In actual performance evaluation tests the mixer circuit substrate 10 was mounted vertically in a metal block 31 as shown in FIG. 2. The LO power was provided to the backside metalized surface of substrate 10 by a conventional waveguide section 30. The spherical dielectric lens 32 was mounted in a movable support structure 34 to permit focusing the RF beam onto the slot antennas 18 and 20 to optimize performance. Thus lens 32 and support structure 34 can readily be moved nearer to, or farther from, the mixer circuit, as for example along tracks provided in base member 36.

By using planar photolithographic processes to fabricate the mixer circuit, low cost batch-processing can be used. The circuit is therefore accurately reproducible. In addition, the design is applicable to monolithic fabrication using GaAs substrates. The primary advantage of using the optical coupling means, such as spherical lens 32, to couple the RF signal to the mixer, is that the physical size limitations for the fabrication of conventional waveguide components at millimeter-wave lengths are totally avoided.

Two quasi-optical crossbar mixers, one D-band (123 to 130 GHz) and one V-band (60-68.9 GHz), were fabricated according to the present invention and tested. The V-band quasi-optical mixer was fabricated on a 0.030 inch thick Duroid substrate, while the D-band mixer was fabricated on a 0.007 inch thick quartz substrate. Duroid was found sufficiently low loss for the fabrication of the V-band mixer. No appreciable degradation was observed as compared to a V-band mixer fabricated on a quartz substrate. For V-band, LO power was at 59.75 GHz, and for D-band, LO power was at 141 GHz. Conversion loss was measured over the respective IF bands (i.e. 0.25 GHz to 9.15 GHz and 11.1 GHz to 17.8 GHz). The typical conversion loss for the V-band mixer was 9 db, and for the D-band the conversion loss was 7 dB measured at 126 GHz.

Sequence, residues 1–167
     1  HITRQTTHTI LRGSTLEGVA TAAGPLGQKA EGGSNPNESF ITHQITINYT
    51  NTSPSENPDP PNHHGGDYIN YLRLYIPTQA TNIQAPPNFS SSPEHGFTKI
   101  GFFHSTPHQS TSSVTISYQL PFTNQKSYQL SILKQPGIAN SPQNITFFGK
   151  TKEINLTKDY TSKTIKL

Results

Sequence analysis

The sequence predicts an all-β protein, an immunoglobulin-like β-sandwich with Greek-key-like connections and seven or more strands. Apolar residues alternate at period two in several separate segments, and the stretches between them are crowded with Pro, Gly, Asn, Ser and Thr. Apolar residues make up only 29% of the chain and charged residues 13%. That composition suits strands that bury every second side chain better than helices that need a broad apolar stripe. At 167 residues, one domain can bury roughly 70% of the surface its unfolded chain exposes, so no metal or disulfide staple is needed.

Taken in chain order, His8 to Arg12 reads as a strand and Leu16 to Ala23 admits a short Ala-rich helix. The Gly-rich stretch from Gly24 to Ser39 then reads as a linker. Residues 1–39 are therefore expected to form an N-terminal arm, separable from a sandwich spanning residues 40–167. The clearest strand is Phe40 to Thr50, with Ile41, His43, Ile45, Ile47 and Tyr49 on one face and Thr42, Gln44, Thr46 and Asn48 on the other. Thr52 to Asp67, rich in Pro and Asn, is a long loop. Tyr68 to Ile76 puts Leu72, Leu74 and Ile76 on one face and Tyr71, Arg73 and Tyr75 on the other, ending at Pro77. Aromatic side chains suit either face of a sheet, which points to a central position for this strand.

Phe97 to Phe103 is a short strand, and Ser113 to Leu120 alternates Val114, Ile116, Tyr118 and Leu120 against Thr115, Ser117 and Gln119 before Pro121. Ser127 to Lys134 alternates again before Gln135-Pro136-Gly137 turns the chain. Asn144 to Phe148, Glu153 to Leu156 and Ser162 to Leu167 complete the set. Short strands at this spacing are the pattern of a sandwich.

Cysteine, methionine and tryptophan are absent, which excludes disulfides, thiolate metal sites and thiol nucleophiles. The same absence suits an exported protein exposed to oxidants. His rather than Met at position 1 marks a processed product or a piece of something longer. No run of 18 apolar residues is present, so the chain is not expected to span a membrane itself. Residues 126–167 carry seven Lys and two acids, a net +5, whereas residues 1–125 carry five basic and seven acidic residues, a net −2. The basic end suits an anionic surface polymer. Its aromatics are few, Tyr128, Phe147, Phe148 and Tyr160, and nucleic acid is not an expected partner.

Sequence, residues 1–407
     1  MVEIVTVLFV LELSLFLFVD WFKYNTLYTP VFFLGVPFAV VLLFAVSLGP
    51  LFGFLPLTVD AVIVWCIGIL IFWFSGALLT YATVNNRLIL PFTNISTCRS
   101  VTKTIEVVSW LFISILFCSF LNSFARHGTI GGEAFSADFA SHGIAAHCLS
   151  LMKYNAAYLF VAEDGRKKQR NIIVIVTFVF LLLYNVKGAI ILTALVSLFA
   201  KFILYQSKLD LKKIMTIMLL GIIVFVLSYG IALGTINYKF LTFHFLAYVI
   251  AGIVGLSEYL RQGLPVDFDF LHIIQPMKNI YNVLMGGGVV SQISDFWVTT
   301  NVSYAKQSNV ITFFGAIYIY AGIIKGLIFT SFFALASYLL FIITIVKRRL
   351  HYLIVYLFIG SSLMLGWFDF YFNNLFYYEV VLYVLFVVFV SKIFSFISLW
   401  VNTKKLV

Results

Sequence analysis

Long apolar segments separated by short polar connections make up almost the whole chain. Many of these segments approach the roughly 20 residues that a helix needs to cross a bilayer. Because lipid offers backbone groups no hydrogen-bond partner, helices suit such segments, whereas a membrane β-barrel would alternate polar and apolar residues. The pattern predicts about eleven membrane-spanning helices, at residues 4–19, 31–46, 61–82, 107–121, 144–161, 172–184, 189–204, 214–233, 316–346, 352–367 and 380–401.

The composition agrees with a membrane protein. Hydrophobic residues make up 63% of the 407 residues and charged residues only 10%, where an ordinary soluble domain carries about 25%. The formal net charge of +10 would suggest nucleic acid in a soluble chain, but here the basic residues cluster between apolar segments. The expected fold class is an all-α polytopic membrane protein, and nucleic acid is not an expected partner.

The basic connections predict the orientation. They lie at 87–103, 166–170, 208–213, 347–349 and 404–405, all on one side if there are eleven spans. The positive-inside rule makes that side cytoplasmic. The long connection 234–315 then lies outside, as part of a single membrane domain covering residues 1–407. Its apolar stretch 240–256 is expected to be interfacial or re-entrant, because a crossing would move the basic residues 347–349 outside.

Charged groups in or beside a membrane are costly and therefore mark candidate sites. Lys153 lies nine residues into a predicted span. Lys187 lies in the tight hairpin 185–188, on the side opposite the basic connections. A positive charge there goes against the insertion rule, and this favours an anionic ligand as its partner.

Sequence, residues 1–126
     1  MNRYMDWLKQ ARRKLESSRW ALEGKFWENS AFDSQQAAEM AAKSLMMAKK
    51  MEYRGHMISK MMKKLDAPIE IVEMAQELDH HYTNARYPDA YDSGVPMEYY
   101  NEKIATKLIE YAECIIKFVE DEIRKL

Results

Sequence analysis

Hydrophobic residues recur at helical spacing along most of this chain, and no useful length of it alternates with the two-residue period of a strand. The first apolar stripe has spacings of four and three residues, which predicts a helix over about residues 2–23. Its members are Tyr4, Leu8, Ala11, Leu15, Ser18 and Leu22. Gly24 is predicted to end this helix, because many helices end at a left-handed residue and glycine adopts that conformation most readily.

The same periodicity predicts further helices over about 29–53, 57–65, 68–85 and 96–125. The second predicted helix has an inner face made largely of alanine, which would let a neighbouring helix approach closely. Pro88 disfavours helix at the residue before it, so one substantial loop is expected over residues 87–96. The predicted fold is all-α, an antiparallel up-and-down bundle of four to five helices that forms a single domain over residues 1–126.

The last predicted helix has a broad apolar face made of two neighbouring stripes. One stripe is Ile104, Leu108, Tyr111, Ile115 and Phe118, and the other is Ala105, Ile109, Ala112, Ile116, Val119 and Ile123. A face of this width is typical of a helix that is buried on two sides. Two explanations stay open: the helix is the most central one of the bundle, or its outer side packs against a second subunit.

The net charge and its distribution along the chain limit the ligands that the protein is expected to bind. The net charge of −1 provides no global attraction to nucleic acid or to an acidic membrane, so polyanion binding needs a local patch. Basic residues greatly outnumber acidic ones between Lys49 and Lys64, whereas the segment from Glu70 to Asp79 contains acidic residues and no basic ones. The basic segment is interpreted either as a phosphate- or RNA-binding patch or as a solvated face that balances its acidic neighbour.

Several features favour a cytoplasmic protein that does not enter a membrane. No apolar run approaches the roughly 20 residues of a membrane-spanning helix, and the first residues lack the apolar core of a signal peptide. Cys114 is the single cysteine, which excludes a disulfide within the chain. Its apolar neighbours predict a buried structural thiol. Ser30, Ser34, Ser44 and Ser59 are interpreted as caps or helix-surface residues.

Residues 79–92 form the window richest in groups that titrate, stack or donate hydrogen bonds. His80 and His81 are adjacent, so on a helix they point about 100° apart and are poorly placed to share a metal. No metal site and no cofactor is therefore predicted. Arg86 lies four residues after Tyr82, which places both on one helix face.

Tests revealed that the performance of the mixer is very sensitive to the geometry of the circuit patterns, and particularly sensitive to the dimensions of the slot antennas and the slot separation d. Tests were run for d=0.047 inch and 0.065 inch. The smaller slot separation showed somewhat narrower bandwidth performance but lower conversion loss. The optimum length of the slot antenna was found to be approximately one-half wavelength at the center frequency.

Both the D-band and V-band mixers were fabricated using high cutoff frequency GaAs beam lead diodes fabricated at Hughes Aircraft Company's Electron Dynamics Division. The diodes have a typical zero bias junction capacitance of 30 fF (one femtofarad equals 10.sup.-15 farads) and a typical series resistance of 4.5 ohms, which corresponds to a cutoff frequency of 1178 GHz.

While the invention has been described with reference to FIGS. 1 and 2, these figures are intended merely for purposes of illustrating the principles of the invention. The invention should not be interpreted as limited to the specific circuit or structure shown in the figures. Many changes in material and structure may be made by one of ordinary skill in the art without departing from the spirit and scope of the invention as set forth in the appended claims.